Collins, S. H. , and Ruina, A. , 2005, “ A Bipedal Walking Robot With Efficient and Human-like Gait,” IEEE International Conference on Robotics and Automation, Barcelona, Spain, Apr. 18–22, pp. 1983–1988.
Jansen, T. , 2016, “ Strandbeest,” World Wide Web Electronic Publication, Delft, The Netherlands, accessed July 11, 2018, http://www.strandbeest.com/
Coros, S. , Thomaszewski, B. , Noris, G. , Sueda, S. , Forberg, M. , Sumner, R. W. , Matusik, W. , and Bickel, B. , 2013, “ Computational Design of Mechanical Characters,” ACM Trans. Graph. (TOG), 32(4), p. 83. https://dl.acm.org/citation.cfm?id=2461953
Lipson, H. , Moon, F. C. , Hai, J. , and Paventi, C. , 2005, “ 3D Printing the History of Mechanisms,” ASME J. Mech. Des., 127(5), pp. 1029–1033. [CrossRef]
Haberland, M. , 2007, “ Make Your Own Wilson Walkie,” Cornell University, Ithaca, New York, accessed July 11, 2018, http://ruina.tam.cornell.edu/research/history/WilsonWalker/index.php
Stöckli, F. , Modica, F. , and Shea, K. , 2016, “ Designing Passive Dynamic Walking Robots for Additive Manufacture,” Rapid Prototyping J., 22(5), pp. 842–847. [CrossRef]
Strogatz, S. H. , 2006, Nonlinear Dynamics and Chaos: With Applications to Physics, Biology, Chemistry and Engineering, Perseus Publishing, New York.
Brown, D. , 2016, Tracker, Video Analysis and Modeling Tool, World Wide Web Electronic Publication, Aptos, CA.
Stiesberg, G. , van Oijen, T. , and Ruina, A. , 2017, “ Steinkamp's Toy Can Hop 100 Times but Can't Stand Up,” ASME J. Mech. Rob., 9(1), p. 011017. [CrossRef]
Bhounsule, P. A. , Cortell, J. , Grewal, A. , Hendriksen, B. , Karssen, J. D. , Paul, C. , and Ruina, A. , 2014, “ Low-Bandwidth Reflex-Based Control for Lower Power Walking: 65 Km on a Single Battery Charge,” Int. J. Rob. Res., 33(10), pp. 1305–1321. [CrossRef]
Garcia, M. , Chatterjee, A. , Ruina, A. , and Coleman, M. , 1998, “ The Simplest Walking Model: Stability, Complexity, and Scaling,” ASME J. Biomech. Eng., 120(2), pp. 281–288. [CrossRef]
Thuilot, B. , Goswami, A. , and Espiau, B. , 1997, “ Bifurcation and Chaos in a Simple Passive Bipedal Gait,” IEEE International Conference on Robotics and Automation, Albuquerque, NM, Apr. 25, pp. 792–798.
MacCurdy, R. , Katzschmann, R. , Kim, Y. , and Rus, D. , 2016, “ Printable Hydraulics: A Method for Fabricating Robots by 3D Co-Printing Solids and Liquids,” IEEE International Conference on Robotics and Automation (ICRA), Stockholm, Sweden, May. 16–21, pp. 3878–3885.

Figures

Grahic Jump Location
Fig. 1

Wilson Walkie [1]: (a) front view, (b) side view, and (c) A 3D printed Wilson Walkie and wooden toy in the inset [2]

Grahic Jump Location
Fig. 2

Ravert toy: (a) perspective view, (b) toy duck, and (c) section view of the toy duck (taken from [3])

Grahic Jump Location
Fig. 3

The final working prototype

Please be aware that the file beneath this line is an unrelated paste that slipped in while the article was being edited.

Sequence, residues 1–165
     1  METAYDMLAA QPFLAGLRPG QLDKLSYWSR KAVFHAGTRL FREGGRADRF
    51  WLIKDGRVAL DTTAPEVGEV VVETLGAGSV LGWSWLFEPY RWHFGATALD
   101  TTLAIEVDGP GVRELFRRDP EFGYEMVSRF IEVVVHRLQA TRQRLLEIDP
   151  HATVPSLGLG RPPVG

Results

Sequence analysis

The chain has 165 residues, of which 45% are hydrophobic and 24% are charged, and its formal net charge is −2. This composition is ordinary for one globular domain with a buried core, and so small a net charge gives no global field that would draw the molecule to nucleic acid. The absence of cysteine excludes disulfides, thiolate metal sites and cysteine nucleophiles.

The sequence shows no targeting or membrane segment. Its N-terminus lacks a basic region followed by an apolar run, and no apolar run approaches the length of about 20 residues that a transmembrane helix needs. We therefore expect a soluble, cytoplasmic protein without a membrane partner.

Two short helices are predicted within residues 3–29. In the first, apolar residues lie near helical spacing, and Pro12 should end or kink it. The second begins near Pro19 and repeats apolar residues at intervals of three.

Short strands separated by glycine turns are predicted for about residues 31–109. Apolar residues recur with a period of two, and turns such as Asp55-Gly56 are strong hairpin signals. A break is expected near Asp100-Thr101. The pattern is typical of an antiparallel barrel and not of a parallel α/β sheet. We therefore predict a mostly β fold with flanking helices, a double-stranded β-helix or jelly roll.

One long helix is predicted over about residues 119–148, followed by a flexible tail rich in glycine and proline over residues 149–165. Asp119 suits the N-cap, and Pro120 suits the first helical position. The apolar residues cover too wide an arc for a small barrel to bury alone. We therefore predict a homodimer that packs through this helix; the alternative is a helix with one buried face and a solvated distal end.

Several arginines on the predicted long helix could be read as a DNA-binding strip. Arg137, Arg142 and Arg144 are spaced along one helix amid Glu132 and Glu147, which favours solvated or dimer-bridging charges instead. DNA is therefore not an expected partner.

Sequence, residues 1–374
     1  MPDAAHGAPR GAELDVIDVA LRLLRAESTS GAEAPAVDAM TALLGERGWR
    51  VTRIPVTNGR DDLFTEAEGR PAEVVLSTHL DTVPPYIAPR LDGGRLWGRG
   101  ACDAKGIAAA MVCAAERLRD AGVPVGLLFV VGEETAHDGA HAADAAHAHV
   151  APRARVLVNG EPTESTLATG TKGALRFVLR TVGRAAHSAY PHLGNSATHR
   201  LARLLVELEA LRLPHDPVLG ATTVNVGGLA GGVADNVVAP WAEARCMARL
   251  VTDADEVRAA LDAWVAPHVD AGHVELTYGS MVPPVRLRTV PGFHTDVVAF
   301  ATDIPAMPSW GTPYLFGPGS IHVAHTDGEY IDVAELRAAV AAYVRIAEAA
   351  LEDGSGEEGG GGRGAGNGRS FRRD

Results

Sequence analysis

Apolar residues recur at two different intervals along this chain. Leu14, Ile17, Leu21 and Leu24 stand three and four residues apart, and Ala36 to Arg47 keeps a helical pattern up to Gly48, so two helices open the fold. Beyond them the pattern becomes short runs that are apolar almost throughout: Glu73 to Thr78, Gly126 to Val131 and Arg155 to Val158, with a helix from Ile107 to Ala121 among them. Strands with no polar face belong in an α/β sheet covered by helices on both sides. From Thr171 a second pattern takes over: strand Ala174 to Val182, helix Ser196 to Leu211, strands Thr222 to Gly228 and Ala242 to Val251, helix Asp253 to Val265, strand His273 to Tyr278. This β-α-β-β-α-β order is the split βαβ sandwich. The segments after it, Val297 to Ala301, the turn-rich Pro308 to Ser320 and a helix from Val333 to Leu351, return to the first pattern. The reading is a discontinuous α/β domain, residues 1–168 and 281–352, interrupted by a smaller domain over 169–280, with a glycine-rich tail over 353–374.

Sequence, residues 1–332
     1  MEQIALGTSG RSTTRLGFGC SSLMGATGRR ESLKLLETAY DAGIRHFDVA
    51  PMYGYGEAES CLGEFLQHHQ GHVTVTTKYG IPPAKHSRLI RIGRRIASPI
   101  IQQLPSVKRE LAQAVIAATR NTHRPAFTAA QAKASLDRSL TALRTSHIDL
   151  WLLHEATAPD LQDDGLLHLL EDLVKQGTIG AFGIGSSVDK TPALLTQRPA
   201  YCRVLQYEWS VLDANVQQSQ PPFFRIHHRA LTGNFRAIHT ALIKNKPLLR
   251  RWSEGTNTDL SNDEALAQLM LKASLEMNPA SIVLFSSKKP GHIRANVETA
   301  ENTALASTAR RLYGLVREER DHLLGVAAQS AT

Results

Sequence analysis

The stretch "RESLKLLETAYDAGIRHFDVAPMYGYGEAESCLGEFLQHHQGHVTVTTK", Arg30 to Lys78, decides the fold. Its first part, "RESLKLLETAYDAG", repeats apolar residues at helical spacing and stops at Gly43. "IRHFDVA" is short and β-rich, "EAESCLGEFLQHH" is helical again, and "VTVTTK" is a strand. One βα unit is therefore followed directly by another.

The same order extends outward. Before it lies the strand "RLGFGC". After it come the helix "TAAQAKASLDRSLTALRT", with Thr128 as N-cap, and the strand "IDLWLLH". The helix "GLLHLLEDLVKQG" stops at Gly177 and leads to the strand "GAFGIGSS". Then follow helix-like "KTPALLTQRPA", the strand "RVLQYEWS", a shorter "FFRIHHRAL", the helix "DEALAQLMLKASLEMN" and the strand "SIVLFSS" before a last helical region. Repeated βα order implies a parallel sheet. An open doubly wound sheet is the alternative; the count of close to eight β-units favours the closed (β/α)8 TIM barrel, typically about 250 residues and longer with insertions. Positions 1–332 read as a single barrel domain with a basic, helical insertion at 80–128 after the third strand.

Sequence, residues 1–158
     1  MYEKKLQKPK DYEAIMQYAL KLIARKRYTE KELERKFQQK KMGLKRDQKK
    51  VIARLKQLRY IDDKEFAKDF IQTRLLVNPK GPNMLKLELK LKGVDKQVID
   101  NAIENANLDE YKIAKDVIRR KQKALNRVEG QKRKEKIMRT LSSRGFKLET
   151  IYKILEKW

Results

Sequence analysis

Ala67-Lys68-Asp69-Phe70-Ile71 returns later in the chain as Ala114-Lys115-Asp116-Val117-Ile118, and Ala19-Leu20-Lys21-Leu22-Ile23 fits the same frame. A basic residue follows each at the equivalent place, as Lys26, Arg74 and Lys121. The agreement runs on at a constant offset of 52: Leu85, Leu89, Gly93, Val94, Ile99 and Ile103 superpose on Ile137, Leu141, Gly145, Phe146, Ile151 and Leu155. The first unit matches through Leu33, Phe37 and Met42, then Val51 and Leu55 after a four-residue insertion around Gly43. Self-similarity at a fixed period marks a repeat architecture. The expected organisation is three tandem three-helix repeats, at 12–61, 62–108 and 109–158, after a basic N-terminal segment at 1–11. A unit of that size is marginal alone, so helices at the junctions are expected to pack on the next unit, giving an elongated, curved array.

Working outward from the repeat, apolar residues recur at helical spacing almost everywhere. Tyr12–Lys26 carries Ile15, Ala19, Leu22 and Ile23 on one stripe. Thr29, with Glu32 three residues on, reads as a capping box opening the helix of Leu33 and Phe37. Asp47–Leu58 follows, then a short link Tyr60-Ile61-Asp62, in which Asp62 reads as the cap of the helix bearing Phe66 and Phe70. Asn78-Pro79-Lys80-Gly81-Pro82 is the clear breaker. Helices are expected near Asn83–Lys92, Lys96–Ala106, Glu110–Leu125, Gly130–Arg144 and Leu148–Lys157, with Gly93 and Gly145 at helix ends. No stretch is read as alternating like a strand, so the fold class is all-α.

Grahic Jump Location
Fig. 4

Sectional view of the design: (a) hinge design with tolerances. All dimensions are in cm. Shaded areas represent hollow sections; (b) in-fill pattern created by CURA, the postprocessing software for the 3D printer.

Grahic Jump Location
Fig. 5

Robot model for simulation

Grahic Jump Location
Fig. 6

Sequence of phases and transitions used for simulation model: a single and doubled curved arrow on the figure indicates that the toy is a one or two degree-of-freedom system in that particular phase

Grahic Jump Location
Fig. 7

Phase portrait for the front and rear leg. See corresponding letters in Fig. 7 and Eq. (1).

Grahic Jump Location
Fig. 8

Comparing simulation with experimental data. Positions of various points on the toy as a function of time. (a) Pin joint, (b) bottom corner of the front foot (nearest to the rear foot), and (c) bottom corner of the rear foot (nearest to the front foot).

Grahic Jump Location
Fig. 9

A single step of the walker: (top panel) One step from video. (Bottom panel) Animation from the simulation. See the video online for a comparison.3

Grahic Jump Location
Fig. 10

Effect of varying r, w1, and c1 on maximum eigenvalue and velocity. (a)–(c) Maximum eigenvalue and (d)– (f) velocity nondimensionalized by gr. Each parameter r, w1, and c1 is nondimensionalized by its nominal parameter given in Table 1. The values for our design are shown using a black dot.

Tables

Errata

Some tools below are only available to our subscribers or users with an online account.

Related Content

Customize your page view by dragging and repositioning the boxes below.

Related Journal Articles
Related eBook Content
Topic Collections

Sorry! You do not have access to this content. For assistance or to subscribe, please contact us:

  • TELEPHONE: 1-800-843-2763 (Toll-free in the USA)
  • EMAIL: asmedigitalcollection@asme.org
Sign In